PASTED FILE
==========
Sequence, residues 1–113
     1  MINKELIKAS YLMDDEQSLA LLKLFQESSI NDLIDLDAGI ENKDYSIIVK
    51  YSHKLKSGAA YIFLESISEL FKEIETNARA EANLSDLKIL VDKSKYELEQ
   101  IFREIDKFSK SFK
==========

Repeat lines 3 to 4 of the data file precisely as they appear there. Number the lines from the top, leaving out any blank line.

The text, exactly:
    51  YSHKLKSGAA YIFLESISEL FKEIETNARA EANLSDLKIL VDKSKYELEQ
   101  IFREIDKFSK SFK